In a recent Court decision from 2013, the First District Court of Appeals held that an insurance carrier did not have to prove that an insured’s false statement was intentional to be allowed to cancel the policy. The case involved the insured filing a claim with his insurance agency after a fire. The insurance company found out during the course of their investigation that one of the individuals named in the insurance policy lied on their insurance application when asked about prior convictions for a felony in the past 10 years. The person, in fact, had five felony convictions on their record in the last 10 years.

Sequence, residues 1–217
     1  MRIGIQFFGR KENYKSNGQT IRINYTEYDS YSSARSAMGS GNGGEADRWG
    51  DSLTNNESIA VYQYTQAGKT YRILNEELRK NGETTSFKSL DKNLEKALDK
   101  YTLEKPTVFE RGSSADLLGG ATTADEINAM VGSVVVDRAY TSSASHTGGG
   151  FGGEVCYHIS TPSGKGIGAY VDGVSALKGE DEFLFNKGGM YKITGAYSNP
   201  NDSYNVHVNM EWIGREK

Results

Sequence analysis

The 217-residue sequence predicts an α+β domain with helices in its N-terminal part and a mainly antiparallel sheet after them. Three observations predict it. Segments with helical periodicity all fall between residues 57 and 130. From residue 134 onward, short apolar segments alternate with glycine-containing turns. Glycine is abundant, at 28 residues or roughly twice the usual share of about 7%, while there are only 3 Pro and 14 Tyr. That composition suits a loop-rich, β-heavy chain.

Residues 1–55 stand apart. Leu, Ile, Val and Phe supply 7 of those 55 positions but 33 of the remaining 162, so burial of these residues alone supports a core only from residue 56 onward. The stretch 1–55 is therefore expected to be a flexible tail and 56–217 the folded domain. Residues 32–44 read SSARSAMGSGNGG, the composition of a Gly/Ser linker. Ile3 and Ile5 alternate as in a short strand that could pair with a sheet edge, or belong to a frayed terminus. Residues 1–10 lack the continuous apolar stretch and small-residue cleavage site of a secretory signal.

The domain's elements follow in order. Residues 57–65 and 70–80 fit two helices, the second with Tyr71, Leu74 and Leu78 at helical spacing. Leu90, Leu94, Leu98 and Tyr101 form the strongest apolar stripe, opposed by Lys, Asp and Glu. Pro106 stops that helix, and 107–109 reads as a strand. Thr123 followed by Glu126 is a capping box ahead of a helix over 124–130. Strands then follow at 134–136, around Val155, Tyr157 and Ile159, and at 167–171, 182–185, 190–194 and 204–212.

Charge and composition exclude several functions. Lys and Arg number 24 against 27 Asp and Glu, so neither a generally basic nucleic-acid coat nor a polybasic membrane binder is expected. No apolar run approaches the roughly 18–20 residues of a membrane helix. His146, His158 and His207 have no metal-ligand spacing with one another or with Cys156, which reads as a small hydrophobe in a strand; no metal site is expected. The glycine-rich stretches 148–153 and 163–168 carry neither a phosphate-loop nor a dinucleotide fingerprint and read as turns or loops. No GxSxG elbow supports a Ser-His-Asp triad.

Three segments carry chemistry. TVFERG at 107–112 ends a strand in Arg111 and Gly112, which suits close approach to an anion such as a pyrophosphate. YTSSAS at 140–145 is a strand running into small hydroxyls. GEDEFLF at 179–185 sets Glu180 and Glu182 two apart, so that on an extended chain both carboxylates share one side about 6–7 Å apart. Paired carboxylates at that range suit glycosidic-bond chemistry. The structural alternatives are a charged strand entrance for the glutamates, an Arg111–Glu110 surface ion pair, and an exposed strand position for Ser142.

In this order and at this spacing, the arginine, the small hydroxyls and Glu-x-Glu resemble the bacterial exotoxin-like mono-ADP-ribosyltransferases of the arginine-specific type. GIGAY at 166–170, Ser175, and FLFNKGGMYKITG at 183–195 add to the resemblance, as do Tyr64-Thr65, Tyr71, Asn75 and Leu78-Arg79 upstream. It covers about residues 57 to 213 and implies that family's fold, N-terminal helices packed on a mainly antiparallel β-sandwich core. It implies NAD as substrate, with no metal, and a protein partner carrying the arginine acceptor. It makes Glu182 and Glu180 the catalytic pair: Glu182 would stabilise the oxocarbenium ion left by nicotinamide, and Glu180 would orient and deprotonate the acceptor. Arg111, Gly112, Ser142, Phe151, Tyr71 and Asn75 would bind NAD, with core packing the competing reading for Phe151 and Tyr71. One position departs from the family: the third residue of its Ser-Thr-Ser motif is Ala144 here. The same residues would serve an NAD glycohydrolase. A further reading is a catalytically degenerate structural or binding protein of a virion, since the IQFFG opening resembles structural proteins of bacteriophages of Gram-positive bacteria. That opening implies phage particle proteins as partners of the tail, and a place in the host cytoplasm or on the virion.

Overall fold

Appellate Court Decision
During her testimony at trial, the insured claimed that the false response to the inquiry on the insurance application was not intentional. While the insured won at the trial court level, the insurance company appealed and won a judgment in their favor from the First District Court of Appeals. The insurance company pointed to a relevant part of the insured’s policy that allowed for the policy to be void if an insured makes false statements. In this case, the insured argues that the insurance company had to show that the false statements were made intentionally with the purpose of deceiving the company in order for the claim to be successful and the policy voided. The District Court did not agree.Read More